Cellular Uptake (In Vitro) Studies

Standard flow cytometry assays of HeLa cells incubated with SrAlO:Eu,[email protected]2 composite suspensions were first performed in order to investigate the cellular viability of the candidate biomarkers. As described in the Section 3, the in vitro protocol includes incubation with different concentrations of the composites and subsequent monitoring of the percentage of dead cells over time. Figure 8a depicts the result of these cell viability studies and clearly denotes that the core-shell particles do not kill the cells, since similar mortality percentages are obtained both in the presence and the absence of the composites (detected fluctuations being attributed to the death of the cell line in culture). In addition, after two days of incubation (48 h) none of the cell cultures incubated with the composites produced an increase in cell mortality, remaining in the same percentages as the reference culture without particles. This confirms that the encapsulation of the luminescent nuclei with the silica shell is effective and authorizes the obtained composite probes as innocuous and biocompatible.
Subsequently, laser scanning confocal and epifluorescence imaging techniques were used to examine the morphology and fluorescent distribution of the fluorescent probes in cells, Figure 8b,c. The images obtained first show that the phosphorescent composites maintain their luminescent intensity in the cell medium, where they are readily detected by the confocal microscope (strong green signal). The morphology of cells was as expected, cells size is approximately 20 µm and irregularly rounded with microvilli present at the surface, so there is no sign of membrane damage caused by the inoculated particles [42]. As for cellular uptake, interesting results are also obtained. On one hand, the composites tend to accumulate to form large agglomerates that, due to their size, cannot enter the cells and, thus, concentrate in the regions in between cells. This situation, common when dealing with nanoparticulate systems, already appeared when obtaining the milled nanoparticles and in the preparation of the composites themselves, although the incorporation of surfactant additives made it possible to obtain stable dispersions in suspension. In the cellular medium, the same type of dispersants cannot be used, and tendency to agglomeration again shows up. This is not a minor problem and further studies would be necessary to properly functionalize the surface of the composites and avoid agglomeration. However, on the other hand, the recorded images also indicate that when the composites are not agglomerated in large clumps, the cells uptake them effectively. This is the case of the composite (or small cluster of composites) indicated with an arrow in Figure 8b and magnified in Figure 8c. As can be seen, the retrieved fluorescent signal indicates the presence of this composite in the cell cytoplasm. To discard any possible optical effect (i.e., the composite being located above the cell), z-stacking analyses confirmed its presence inside the HeLa cell, Figure 8d. The same tracking of another composite detected inside the HeLa cells is shown in Figure 8e, again confirming effective capture by the cancerous entities. Overall, a systematic study of the inoculated cells revealed more patterns similar to those in Figure 8d,e (for more examples, see Figure S1 in Supplementary Info), demonstrating that, as long as they are not agglomerated, the produced SrAlO:Eu,[email protected]2 phosphorescent bioprobes are readily incorporated into the cells, which confirms them as promising biomarkers for in vitro optical imaging.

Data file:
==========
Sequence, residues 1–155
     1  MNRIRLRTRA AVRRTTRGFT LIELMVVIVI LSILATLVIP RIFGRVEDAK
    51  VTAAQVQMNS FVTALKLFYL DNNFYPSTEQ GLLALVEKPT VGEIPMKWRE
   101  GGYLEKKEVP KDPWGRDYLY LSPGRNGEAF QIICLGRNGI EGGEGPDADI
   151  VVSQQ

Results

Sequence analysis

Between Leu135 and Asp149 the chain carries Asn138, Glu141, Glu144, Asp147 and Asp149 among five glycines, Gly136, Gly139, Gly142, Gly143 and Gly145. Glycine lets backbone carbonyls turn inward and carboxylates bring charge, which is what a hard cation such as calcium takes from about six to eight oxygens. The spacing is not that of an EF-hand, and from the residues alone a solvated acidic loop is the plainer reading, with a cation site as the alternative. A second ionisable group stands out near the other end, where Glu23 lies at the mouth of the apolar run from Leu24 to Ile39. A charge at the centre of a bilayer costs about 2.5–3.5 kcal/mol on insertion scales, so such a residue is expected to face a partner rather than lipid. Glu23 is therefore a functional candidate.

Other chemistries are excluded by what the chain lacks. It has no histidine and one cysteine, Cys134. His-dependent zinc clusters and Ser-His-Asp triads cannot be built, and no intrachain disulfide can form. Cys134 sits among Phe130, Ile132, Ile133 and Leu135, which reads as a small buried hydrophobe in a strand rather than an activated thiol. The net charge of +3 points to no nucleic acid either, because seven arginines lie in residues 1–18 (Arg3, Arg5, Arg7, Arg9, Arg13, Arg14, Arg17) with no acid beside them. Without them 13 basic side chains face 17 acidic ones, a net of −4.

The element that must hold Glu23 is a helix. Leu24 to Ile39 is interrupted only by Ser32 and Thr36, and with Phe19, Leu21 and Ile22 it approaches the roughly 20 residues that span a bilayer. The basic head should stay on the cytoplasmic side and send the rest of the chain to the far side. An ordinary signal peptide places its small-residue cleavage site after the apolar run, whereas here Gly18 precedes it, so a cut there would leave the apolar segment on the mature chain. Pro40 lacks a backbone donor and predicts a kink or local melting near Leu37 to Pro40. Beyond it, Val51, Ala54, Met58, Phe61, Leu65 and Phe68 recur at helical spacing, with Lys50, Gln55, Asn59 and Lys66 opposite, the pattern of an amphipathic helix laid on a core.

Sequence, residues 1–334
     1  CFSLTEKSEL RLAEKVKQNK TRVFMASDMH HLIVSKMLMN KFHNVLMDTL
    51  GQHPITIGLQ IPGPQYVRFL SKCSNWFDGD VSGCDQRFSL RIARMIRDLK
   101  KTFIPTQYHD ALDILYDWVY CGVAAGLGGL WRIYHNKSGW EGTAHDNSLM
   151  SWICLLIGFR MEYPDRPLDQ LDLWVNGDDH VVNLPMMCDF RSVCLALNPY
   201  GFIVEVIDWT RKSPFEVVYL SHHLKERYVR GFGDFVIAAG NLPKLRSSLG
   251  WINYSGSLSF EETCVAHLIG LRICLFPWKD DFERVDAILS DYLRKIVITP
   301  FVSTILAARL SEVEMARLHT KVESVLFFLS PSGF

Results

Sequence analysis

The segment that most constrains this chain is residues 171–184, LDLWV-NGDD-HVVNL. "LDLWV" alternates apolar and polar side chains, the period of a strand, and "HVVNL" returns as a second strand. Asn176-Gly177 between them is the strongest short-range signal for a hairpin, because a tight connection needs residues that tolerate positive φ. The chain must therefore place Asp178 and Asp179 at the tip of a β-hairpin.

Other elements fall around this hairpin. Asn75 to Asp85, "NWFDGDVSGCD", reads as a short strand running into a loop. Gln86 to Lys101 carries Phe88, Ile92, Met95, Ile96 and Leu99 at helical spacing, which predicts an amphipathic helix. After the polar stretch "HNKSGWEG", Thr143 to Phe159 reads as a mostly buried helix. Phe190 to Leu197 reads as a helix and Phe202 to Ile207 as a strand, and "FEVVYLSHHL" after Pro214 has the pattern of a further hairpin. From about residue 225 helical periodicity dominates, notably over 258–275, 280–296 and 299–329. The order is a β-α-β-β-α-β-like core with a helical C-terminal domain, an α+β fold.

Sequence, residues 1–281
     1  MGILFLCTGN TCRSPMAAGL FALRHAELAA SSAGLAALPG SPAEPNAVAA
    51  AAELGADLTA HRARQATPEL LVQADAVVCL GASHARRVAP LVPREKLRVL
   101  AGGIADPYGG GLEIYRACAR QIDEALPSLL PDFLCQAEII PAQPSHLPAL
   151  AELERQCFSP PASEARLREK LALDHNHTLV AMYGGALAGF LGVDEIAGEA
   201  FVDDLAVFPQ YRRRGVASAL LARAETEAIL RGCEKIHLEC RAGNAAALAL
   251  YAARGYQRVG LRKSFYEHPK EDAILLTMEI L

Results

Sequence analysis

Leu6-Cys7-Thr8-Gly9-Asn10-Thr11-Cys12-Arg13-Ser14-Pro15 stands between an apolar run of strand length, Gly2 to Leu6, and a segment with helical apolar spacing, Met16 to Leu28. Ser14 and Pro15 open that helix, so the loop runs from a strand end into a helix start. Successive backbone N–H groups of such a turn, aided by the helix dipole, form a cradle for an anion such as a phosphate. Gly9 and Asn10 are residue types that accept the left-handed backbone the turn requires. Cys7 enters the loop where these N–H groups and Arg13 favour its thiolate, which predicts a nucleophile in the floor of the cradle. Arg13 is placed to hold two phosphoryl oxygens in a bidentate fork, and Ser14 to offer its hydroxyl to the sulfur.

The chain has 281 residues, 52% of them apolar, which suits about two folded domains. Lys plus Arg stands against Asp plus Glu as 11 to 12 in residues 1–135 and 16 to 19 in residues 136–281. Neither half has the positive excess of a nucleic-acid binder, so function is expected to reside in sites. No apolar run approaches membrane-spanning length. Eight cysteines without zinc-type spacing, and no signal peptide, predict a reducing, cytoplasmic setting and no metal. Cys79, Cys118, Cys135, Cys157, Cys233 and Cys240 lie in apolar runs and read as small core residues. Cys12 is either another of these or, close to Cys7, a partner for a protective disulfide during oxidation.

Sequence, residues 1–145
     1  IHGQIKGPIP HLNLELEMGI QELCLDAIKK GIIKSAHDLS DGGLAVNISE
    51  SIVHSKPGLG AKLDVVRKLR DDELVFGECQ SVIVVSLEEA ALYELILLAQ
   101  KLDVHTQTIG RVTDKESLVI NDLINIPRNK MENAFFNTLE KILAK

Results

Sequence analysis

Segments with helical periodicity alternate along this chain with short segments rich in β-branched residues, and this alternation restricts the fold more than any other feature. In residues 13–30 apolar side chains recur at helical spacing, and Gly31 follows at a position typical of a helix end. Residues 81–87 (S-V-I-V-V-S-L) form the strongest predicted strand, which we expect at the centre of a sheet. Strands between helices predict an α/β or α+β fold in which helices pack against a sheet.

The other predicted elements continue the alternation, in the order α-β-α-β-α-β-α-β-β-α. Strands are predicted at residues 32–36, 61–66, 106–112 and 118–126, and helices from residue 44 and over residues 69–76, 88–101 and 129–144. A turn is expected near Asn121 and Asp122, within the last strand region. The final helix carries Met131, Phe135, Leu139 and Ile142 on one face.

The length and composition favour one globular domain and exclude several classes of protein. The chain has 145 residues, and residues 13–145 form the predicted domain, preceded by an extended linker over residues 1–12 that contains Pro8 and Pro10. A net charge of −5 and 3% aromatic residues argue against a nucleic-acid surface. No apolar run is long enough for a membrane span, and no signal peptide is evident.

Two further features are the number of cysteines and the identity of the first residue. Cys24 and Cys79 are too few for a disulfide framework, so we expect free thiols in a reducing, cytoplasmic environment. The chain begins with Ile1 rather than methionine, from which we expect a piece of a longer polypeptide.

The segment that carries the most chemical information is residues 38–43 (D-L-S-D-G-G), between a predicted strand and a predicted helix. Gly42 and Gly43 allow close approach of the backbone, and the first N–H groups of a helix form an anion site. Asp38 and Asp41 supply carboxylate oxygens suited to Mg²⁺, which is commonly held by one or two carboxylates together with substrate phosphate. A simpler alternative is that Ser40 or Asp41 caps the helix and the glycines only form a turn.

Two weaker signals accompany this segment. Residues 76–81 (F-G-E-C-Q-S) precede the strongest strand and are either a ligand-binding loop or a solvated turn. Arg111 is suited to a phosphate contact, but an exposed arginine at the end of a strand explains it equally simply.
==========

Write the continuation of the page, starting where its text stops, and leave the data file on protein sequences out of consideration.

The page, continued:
3. Materials and Methods

3.1. Preparation of the SrAlO:Eu,Dy Core Particles

Commercial micron powder of nominal composition Sr3.89Eu0.06Dy0.10Al14O25 (Sigma-Aldrich, purity: 99% trace metal basis) was chosen as the luminescent core material due to its long-persistent luminescence properties. However, in order to use these inorganic particles as imaging agents that can properly reach the cells, their size must be substantially reduced and fall well into the submicronic or even nanometric range. This was accomplished by applying a high-energy milling procedure in a tungsten carbide (WC) planetary mill (Retsch, Haan, Germany), using 2 cm diameter WC milling balls in alcoholic medium. The grinding vessels were rotated at 300 rpm for different milling times. The optimum milling time was chosen on the basis of the X-ray diffraction and SEM characterization results. The powder obtained was re-suspended in ethanol and filtered through a 400 nm polymeric mesh coupled within a conical centrifuge tube (Falcon, Sigma-Aldrich) to obtain a fine fraction of particles. Time in the centrifuge did not exceed 2 min, after which the powder not passing through the mesh was discarded.

3.2. Assembly of the SrAlO:Eu,[email protected]2 Composites